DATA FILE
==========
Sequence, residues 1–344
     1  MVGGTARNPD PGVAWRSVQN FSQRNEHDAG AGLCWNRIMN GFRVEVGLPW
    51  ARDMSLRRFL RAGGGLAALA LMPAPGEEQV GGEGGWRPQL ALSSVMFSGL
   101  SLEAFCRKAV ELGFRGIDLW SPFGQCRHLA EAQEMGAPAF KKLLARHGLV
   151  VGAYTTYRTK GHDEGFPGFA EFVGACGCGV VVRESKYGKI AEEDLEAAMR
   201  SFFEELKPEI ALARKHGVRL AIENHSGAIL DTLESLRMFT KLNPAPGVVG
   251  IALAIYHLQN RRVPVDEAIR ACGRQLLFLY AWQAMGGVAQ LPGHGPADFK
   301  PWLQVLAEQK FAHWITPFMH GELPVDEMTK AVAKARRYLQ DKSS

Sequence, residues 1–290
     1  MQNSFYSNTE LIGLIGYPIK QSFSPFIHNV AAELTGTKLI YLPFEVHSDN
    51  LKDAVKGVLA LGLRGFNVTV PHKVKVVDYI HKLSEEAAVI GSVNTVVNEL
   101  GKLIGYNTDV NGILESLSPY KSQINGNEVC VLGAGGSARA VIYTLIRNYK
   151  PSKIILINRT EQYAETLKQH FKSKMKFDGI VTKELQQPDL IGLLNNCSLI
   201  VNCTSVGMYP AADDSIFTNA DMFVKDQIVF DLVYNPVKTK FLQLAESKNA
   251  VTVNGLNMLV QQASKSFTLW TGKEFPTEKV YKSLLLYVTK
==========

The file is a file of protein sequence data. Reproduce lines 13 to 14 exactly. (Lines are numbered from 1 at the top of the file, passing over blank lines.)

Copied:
   151  PSKIILINRT EQYAETLKQH FKSKMKFDGI VTKELQQPDL IGLLNNCSLI
   201  VNCTSVGMYP AADDSIFTNA DMFVKDQIVF DLVYNPVKTK FLQLAESKNA